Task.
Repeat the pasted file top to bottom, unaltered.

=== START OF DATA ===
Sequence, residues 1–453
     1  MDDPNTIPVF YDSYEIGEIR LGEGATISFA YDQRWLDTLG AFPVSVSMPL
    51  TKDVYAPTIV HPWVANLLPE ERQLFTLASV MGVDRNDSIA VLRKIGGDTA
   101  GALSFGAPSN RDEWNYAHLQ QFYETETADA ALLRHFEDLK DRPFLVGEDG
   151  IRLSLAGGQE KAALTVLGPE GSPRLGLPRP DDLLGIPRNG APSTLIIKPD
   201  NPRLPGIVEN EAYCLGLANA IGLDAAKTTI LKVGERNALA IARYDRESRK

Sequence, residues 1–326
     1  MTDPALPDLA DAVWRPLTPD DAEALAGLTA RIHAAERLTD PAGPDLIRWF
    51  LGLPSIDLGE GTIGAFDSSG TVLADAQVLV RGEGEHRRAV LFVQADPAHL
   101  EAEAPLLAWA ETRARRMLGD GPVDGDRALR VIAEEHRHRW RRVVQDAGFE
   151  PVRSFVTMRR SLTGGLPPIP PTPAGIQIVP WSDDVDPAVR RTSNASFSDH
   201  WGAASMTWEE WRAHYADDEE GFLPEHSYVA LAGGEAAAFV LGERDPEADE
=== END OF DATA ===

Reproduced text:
Sequence, residues 1–453
     1  MDDPNTIPVF YDSYEIGEIR LGEGATISFA YDQRWLDTLG AFPVSVSMPL
    51  TKDVYAPTIV HPWVANLLPE ERQLFTLASV MGVDRNDSIA VLRKIGGDTA
   101  GALSFGAPSN RDEWNYAHLQ QFYETETADA ALLRHFEDLK DRPFLVGEDG
   151  IRLSLAGGQE KAALTVLGPE GSPRLGLPRP DDLLGIPRNG APSTLIIKPD
   201  NPRLPGIVEN EAYCLGLANA IGLDAAKTTI LKVGERNALA IARYDRESRK

Sequence, residues 1–326
     1  MTDPALPDLA DAVWRPLTPD DAEALAGLTA RIHAAERLTD PAGPDLIRWF
    51  LGLPSIDLGE GTIGAFDSSG TVLADAQVLV RGEGEHRRAV LFVQADPAHL
   101  EAEAPLLAWA ETRARRMLGD GPVDGDRALR VIAEEHRHRW RRVVQDAGFE
   151  PVRSFVTMRR SLTGGLPPIP PTPAGIQIVP WSDDVDPAVR RTSNASFSDH
   201  WGAASMTWEE WRAHYADDEE GFLPEHSYVA LAGGEAAAFV LGERDPEADE